A recent study indicated that a vegan diet is healthier for the environment than a Mediterranean diet, and the difference may be attributed to refraining from eating any foods that come from animals.
According to the findings of a research that was just published in the International Journal of Environmental Research and Public health, following a vegan diet is better for the environment than following a Mediterranean diet.
The goal of the study was to compare two well-planned diets, the Mediterranean diet and the vegan diet, both of which are considered healthy and environmentally friendly, to determine how they differ in terms of their effects on the environment. The Mediterranean diet and the vegan diet are both considered healthy and environmentally friendly.
They pointed out that the two diets are comparable in the sense that they both place an emphasis on meals derived from plants (vegetables, grains, legumes, fruit, nuts, and oil). The main significant difference between the two diets is that the vegan diet prioritizes foods made from plants rather than animals for its source of protein, whereas the Mediterranean diet prioritizes meals made from animal products.
What kind of effects do things made from animals have on the natural world?
For the purpose of the study, the researchers utilized a technique known as the Life Cycle Assessment, which is used to determine the impact that a product has on the surrounding ecosystem. Both of the diets that were analyzed included the same proportions of macronutrients and satisfied all of the nutritional requirements and recommendations. The calculations were performed using a hypothetical diet for one week consisting of 2,000 calories per day as the starting point.
To be more specific, the researchers evaluated the effects of the two diets using the “farm to table” methodology, which takes into account all of the steps involved in the creation of the meals, including agricultural production, transportation, processing, packing, and preparation at home.
As compared to the Mediterranean diet, the researchers discovered that following a vegan diet resulted in a total environmental impact that was 44 percent lower. According to the scientists, even a moderate use of items derived from animals has a significant impact on the way humans and the environment interact with each other.
According to the findings of the study, the researchers concluded that “this result definitely supports the premise that meat and dairy intake plays a crucial role, in particular in terms of damage to human health and ecosystems.”
Even though only a relatively small amount of meat is included in the Mediterranean diet, a recent study found that the consumption of even just 10 percent of calories derived from animal products was responsible for approximately 50 percent of the diet's global impact. The largest contribution came from the consumption of meat, which was approximately 30 percent.
The researchers said that their findings lend credence to the hypothesis that “even a minimal-to-moderate content of animal foods has a consistent impact on the environmental footprint of a diet,” and that “their reduction can elicit significant ecological benefits.” “Our study supports the thesis that even a minimal-to-moderate content of animal foods has a consistent impact on the environmental footprint of a
In addition, their calculations revealed that beans had an impact that was 84 percent lower than that of mixed meat, and that the overall impact of soy milk was 79 percent lower than that of cow's milk.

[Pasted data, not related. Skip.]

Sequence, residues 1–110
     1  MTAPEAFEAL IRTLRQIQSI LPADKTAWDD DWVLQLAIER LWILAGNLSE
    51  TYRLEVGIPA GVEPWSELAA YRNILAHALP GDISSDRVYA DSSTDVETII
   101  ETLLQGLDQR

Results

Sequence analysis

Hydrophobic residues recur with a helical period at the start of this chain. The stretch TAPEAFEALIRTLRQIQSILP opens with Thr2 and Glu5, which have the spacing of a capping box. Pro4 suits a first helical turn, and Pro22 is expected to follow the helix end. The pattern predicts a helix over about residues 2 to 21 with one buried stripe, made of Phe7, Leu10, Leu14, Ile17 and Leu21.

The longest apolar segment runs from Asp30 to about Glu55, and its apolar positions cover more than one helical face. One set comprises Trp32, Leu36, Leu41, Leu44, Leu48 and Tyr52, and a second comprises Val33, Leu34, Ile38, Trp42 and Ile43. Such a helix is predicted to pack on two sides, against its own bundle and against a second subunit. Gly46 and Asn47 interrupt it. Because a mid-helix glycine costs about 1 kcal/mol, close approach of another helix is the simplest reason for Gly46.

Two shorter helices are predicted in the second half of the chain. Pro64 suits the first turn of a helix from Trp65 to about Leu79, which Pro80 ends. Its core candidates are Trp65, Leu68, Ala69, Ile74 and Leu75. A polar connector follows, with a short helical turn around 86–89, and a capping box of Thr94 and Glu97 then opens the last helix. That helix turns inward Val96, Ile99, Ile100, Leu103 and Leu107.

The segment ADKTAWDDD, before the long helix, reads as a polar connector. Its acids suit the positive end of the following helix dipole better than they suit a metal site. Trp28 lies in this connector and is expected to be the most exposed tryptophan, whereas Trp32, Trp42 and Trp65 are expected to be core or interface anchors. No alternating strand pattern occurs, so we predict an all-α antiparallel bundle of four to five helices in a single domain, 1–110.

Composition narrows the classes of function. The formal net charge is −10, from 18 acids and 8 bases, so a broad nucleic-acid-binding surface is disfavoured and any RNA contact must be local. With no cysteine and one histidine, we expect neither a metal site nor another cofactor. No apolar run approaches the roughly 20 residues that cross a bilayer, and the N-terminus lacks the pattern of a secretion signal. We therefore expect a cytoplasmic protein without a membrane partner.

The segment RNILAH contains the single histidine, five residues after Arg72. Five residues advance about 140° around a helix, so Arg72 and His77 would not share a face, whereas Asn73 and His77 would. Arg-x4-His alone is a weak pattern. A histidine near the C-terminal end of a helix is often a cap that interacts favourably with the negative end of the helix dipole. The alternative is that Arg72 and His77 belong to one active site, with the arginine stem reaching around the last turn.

“Food has an effect not just on health but also on the environment. In this part of our research, we investigated two sustainable diets that are extremely comparable to one another in terms of their nutritional contents, but that differ significantly with regard to the total environmental consequences they produce. According to the findings of the study, “significant improvement in the total environmental impact was shown to result from the replacement of a small calorie quota (10.6 percent) represented by animal foods with plant foods.” This improvement was particularly beneficial for ecosystems and human health.
When it comes to weight loss, the vegan diet is superior to the Mediterranean diet.
Past study that compared the two diets suggests that a vegan diet had better outcomes than a Mediterranean diet when it comes to weight reduction, insulin sensitivity, and cholesterol levels. A normal Mediterranean diet was compared to a low-fat plant-based diet in a research that was published in the Journal of the American College of Nutrition in 2021. The plant-based diet was shown to be superior than the Mediterranean diet in terms of its ability to promote weight reduction.
According to the findings of the study, individuals on the vegan diet dropped an average of around 13 pounds, in contrast to the Mediterranean diet, which resulted in no mean change in weight loss.
“While many people think of the Mediterranean diet as one of the best ways to lose weight, the diet actually crashed and burned when we put it to the test,” the study's author, Neal Barnard, MD, president of Physicians Committee for Responsible Medicine, said in a statement at the time. “The diet actually crashed and burned when we put it to the test.”
According to what he found in a study that was both randomized and controlled, the Mediterranean diet did not result in any weight loss at all. It would appear that the addition of fatty fish, dairy products, and oils is the source of the issue. On the other hand, switching to a vegan diet low in fat led to noticeable and ongoing reductions in weight.